Central American migrants making their way to the U.S. stand in line waiting for medical aid in Tapachula, Mexico, on Sunday, Oct. 21, 2018. Despite Mexican efforts to stop them at the Guatemala-Mexico border, about 5,000 Central American migrants resumed their advance toward the U.S. (Moises Castillo/AP Photo)

On Monday night, Trump called the caravan an "assault on our country" and suggested, without citing evidence, that "Democrats had something to do with it." He added: "We need a wall built fast."

A team of Associated Press journalists travelling with the caravan for more than a week has spoken with Hondurans, Guatemalans and Salvadorans, but has not met any Middle Easterners, whom Trump suggested in a tweet earlier Monday were "mixed in" with the Central American migrants.

'We only want to work'

It was clear, though, that more migrants were continuing to join the caravan.

Ana Luisa Espana, a laundry worker from Chiquimula, Guatemala, joined the caravan as she saw it pass through her country.

Even though the goal is to reach the U.S. border, she said, "We only want to work and if a job turns up in Mexico, I would do it. We would do anything, except bad things."

Honduran migrants, part of a caravan trying to reach the U.S., climb on a bus during a new leg of their travel in Guatemala City, Oct. 18. (Edgard Garrido/Reuters)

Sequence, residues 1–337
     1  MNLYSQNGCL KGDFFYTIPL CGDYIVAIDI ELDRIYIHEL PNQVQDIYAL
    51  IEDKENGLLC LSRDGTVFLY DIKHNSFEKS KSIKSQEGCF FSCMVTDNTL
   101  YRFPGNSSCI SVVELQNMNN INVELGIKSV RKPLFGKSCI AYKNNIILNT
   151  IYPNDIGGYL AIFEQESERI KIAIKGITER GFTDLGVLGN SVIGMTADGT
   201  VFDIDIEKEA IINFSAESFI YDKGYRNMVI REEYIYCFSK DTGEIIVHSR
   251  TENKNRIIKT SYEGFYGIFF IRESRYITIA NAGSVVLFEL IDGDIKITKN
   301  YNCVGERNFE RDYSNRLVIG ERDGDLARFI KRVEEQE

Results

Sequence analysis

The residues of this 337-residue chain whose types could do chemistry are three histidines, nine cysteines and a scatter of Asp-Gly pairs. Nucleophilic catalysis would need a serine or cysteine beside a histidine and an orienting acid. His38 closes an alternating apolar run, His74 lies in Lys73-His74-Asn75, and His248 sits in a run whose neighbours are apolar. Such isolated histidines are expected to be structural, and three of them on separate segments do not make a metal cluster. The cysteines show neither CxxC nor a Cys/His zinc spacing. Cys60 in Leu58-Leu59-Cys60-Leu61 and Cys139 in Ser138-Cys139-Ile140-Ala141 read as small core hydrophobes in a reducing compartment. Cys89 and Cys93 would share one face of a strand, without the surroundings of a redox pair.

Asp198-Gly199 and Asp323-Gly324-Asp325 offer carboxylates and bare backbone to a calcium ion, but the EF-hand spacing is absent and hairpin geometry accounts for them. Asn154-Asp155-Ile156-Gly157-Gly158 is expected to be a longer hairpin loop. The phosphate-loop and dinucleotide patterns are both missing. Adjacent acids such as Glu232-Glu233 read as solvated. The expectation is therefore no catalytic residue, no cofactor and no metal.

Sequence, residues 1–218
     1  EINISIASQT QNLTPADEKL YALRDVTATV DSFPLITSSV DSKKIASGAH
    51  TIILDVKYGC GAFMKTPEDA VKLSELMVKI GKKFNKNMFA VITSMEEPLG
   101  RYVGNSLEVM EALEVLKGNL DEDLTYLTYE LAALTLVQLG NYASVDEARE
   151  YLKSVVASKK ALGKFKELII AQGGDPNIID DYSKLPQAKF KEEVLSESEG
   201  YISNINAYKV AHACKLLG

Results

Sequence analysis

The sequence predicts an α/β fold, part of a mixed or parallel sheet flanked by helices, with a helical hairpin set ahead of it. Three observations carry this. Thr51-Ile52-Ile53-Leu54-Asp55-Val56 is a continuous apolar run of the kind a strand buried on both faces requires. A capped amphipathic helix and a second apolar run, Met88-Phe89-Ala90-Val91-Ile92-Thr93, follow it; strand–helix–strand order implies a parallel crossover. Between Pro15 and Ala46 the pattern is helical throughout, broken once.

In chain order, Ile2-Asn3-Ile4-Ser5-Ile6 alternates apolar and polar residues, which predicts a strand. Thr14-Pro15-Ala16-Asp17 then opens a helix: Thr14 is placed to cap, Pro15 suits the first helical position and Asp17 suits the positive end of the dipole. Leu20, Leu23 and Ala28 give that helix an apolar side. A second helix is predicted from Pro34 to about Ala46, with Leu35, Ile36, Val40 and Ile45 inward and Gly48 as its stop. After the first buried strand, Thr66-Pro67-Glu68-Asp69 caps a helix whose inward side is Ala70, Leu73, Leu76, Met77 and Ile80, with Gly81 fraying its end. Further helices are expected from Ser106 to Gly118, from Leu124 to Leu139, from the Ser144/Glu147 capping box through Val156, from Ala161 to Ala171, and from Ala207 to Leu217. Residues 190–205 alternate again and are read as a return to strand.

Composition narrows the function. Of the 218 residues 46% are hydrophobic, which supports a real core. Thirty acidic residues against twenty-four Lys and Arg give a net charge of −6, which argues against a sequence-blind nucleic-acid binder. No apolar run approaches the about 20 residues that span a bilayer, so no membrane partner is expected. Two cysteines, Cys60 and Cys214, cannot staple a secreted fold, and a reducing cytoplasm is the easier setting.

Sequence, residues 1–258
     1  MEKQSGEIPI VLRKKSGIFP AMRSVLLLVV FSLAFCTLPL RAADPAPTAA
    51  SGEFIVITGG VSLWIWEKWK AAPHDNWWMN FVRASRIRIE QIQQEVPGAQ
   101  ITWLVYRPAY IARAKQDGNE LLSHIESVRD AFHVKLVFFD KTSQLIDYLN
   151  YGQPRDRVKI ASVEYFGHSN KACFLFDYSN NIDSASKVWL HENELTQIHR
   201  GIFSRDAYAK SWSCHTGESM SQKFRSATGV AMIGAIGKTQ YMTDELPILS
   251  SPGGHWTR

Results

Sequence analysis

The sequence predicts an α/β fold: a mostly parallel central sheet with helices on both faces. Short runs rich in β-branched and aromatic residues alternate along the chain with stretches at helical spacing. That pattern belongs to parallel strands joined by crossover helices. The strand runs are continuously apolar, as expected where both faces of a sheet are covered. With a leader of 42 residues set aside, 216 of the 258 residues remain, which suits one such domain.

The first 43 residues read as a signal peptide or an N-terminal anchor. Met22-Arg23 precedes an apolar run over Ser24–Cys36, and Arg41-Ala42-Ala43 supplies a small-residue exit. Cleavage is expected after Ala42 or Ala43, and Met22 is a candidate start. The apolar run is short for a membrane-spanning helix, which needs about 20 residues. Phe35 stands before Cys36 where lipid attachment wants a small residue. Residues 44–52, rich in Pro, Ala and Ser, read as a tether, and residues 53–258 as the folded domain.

Denis Omar Contreras, a Honduran-born caravan leader also with Pueblo Sin Fronteras, said accusations that the caravan is harbouring terrorists should stop.

"There isn't a single terrorist here," Contreras said. "We are all people from Honduras, El Salvador, Guatemala and Nicaragua. And as far as I know there are no terrorists in these four countries, at least beyond the corrupt governments."

U.S. Secretary of State Mike Pompeo met with Mexican officials on Friday, and the president at times last week praised Mexican efforts to keep migrants from advancing past Guatemala. But on Monday, he tweeted: "Sadly, it looks like Mexico's Police and Military are unable to stop the Caravan."

'This is a National Emergy'

Trump added, in a misspelled tweet: "I have alerted Border Patrol and Military that this is a National Emergy." White House officials could not immediately provide details.

An immigrant rights activist travelling with the group accused Trump of using the caravan to stir up his Republican base.

"It is a shame that a president so powerful uses this caravan for political ends," said Irineo Mujica of the group Pueblo Sin Fronteras — People Without Borders — which works to provide humanitarian aid to migrants.